Linus Torvalds, the principal force behind development of the Linux kernel and overseer of open source development for the Linux operating system, has been named the 2014 recipient of the IEEE Computer Society’s Computer Pioneer Award “for pioneering development of the Linux kernel using the open-source approach”.
Linus Torvalds was born on December 28, 1969 in Helsinki, Finland. He enrolled at the University of Helsinki in 1988, graduating with a master’s degree in computer science. His M.Sc. thesis was titled Linux: A Portable Operating System. Linus authored many gaming applications in his early years. After purchasing a personal computer with an Intel 386 CPU, he began using Minix, an Unix-inspired operating system created by Andrew Tanenbaum for use as a teaching tool. Torvalds started work on a new kernel, later to be named “Linux,” in the fall of 1991 and after forming a team of volunteers to work on this new kernel, released V1.0 in the spring of 1994.
In 1996, Torvalds accepted an invitation to visit the California headquarters of Transmeta, a start-up company in the first stages of designing an energy saving central processing unit. Torvalds then accepted a position at Transmeta and moved to California with his family. Along with his work for Transmeta, Torvalds continued to oversee kernel development for Linux.
In 2003, Linus Torvalds left Transmeta to focus exclusively on the Linux kernel, backed by the Open Source Development Labs (OSDL) , a consortium formed by high-tech companies, which included IBM, Hewlett-Packard, Intel, AMD, RedHat, Novell and many others. The purpose of the consortium was to promote Linux development. OSDL merged with The Free Standards Group in January 2007 to become The Linux Foundation. Torvalds remains the ultimate authority on what new code is incorporated into the standard Linux kernel.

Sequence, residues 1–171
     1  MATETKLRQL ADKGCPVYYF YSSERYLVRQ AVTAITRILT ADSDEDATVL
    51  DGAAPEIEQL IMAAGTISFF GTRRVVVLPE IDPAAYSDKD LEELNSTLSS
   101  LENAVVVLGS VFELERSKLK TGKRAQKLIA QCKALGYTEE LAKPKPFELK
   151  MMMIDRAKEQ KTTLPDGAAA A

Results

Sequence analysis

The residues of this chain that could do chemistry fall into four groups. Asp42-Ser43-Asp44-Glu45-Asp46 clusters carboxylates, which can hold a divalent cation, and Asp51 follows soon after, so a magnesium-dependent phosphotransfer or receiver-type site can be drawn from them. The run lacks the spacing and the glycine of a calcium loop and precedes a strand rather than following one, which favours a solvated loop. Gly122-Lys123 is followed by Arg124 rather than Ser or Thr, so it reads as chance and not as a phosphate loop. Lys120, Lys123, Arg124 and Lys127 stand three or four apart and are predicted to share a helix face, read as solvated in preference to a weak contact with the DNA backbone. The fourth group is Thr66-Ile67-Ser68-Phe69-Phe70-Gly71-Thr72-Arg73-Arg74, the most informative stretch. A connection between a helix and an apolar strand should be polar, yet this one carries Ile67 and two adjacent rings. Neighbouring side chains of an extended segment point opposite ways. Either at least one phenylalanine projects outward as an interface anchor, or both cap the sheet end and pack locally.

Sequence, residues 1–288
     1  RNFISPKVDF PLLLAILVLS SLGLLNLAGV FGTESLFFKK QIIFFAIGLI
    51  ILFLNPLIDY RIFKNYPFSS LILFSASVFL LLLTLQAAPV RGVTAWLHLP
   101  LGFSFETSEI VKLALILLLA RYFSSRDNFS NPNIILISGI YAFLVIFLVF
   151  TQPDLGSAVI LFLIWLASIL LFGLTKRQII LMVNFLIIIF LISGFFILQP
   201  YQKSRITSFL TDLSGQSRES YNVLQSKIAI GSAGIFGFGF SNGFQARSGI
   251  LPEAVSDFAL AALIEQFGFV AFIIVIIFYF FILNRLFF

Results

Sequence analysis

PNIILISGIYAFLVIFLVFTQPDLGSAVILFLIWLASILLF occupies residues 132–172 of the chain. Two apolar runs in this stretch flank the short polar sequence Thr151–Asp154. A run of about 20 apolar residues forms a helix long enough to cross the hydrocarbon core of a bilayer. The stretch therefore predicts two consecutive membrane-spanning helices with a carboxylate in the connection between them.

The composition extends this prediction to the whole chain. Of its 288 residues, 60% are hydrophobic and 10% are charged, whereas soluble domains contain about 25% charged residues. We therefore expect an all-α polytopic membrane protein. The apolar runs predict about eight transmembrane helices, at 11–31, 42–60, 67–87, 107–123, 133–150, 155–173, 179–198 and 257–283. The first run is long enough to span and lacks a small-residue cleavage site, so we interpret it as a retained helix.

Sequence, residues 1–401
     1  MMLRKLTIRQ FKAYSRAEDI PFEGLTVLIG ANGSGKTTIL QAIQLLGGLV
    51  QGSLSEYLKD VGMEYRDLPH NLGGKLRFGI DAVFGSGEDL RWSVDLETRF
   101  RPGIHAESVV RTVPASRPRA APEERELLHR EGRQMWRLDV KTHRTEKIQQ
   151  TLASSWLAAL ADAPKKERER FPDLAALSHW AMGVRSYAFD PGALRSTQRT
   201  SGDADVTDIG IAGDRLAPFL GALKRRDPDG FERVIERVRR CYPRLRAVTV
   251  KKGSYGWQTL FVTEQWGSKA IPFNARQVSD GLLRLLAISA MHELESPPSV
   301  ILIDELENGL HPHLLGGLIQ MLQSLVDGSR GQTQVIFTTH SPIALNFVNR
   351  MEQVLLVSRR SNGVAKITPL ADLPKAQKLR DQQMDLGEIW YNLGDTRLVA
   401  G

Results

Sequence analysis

Linus Torvalds got recognition across the globe for his marvellous work. In Academics, Linus Torvalds received honorary doctor status at Stockholm University, and in 2000 he received the same honor from University of Helsinki. In August 2005, Torvalds received the Vollum Award from Reed College.
In 1998 Linus Torvalds received an EFF Pioneer Award.
In 2000 Linus Torvalds was awarded the Lovelace Medal from the British Computer Society.
In 2001, Linus Torvalds shared the Award for Social/Economic Well-Being with Richard Stallman and Ken Sakamura.
In 2008, Linus Torvalds was inducted into the Hall of Fellows of the Computer History Museum in Mountain View, California.
Linus Torvalds was awarded the C&C Prize by the NEC Corporation in 2010 for “contributions to the advancement of the information technology industry, education, research, and the improvement of our lives”.
Millennium Technology Prize: On April 20, 2012, Linus Torvalds was declared one of two winners of that year’s Millennium Technology Prize, The honour is widely described as technology’s equivalent of the Nobel Prize.
Internet Hall of Fame : On April 23, 2012 at Internet Society’s Global INET conference in Geneva, Switzerland, Linus Torvalds was one of the inaugural inductees into the Internet Hall of Fame, one of ten in the Innovators category and thirty-three overall inductees.
And now it’s time for another most reputed award in computer world, IEEE’s “The Computer Pioneer Award”.
The Computer Pioneer Award was established in 1981 by the IEEE Computer Society Board of Governors to recognize and honor the vision of those whose efforts resulted in the creation and continued vitality of the computer industry. The award is presented to outstanding individuals whose main contribution to the concepts and development of the computer field was made at least 15 years earlier. The recognition is engraved on a bronze medal.
Dear Linus, we at Muktware congratulate you and wish you all the best for your future endeavors.